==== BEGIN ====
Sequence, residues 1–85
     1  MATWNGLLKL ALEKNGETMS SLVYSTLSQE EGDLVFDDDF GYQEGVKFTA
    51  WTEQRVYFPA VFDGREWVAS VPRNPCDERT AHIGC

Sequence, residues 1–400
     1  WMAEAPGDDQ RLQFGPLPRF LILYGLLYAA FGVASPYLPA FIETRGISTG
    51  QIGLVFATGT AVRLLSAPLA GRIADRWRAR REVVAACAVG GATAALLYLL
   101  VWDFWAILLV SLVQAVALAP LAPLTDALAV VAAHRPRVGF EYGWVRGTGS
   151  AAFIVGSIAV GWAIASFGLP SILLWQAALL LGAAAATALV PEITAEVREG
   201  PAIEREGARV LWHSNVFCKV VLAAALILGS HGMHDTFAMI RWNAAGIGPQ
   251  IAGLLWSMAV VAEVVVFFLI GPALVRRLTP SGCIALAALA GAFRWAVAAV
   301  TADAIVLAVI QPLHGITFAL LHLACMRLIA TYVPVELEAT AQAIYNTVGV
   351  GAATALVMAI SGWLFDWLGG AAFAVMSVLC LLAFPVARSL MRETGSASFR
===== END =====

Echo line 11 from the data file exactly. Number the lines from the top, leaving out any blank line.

   301  TADAIVLAVI QPLHGITFAL LHLACMRLIA TYVPVELEAT AQAIYNTVGV